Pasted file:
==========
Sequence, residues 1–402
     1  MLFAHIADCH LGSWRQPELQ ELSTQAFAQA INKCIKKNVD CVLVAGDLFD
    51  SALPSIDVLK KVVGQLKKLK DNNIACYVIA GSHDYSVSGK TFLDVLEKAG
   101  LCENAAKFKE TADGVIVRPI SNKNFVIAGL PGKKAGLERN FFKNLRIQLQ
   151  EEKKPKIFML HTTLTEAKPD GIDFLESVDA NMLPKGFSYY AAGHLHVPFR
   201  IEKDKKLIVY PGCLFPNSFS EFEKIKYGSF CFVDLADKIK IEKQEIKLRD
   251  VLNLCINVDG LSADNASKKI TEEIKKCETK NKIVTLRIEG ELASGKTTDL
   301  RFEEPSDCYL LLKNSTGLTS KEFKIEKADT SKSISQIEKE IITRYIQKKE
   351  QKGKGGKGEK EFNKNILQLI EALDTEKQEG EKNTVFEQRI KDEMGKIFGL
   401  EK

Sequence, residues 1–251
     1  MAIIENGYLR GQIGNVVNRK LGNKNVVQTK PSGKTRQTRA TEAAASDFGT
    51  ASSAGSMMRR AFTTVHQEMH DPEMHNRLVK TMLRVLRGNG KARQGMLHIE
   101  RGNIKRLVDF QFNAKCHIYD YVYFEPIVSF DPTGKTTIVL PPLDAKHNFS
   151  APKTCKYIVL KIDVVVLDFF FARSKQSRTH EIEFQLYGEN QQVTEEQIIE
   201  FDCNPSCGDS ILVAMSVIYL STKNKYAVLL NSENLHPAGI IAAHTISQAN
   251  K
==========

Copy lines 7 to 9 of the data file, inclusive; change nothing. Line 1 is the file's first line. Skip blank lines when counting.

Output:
   251  VLNLCINVDG LSADNASKKI TEEIKKCETK NKIVTLRIEG ELASGKTTDL
   301  RFEEPSDCYL LLKNSTGLTS KEFKIEKADT SKSISQIEKE IITRYIQKKE
   351  QKGKGGKGEK EFNKNILQLI EALDTEKQEG EKNTVFEQRI KDEMGKIFGL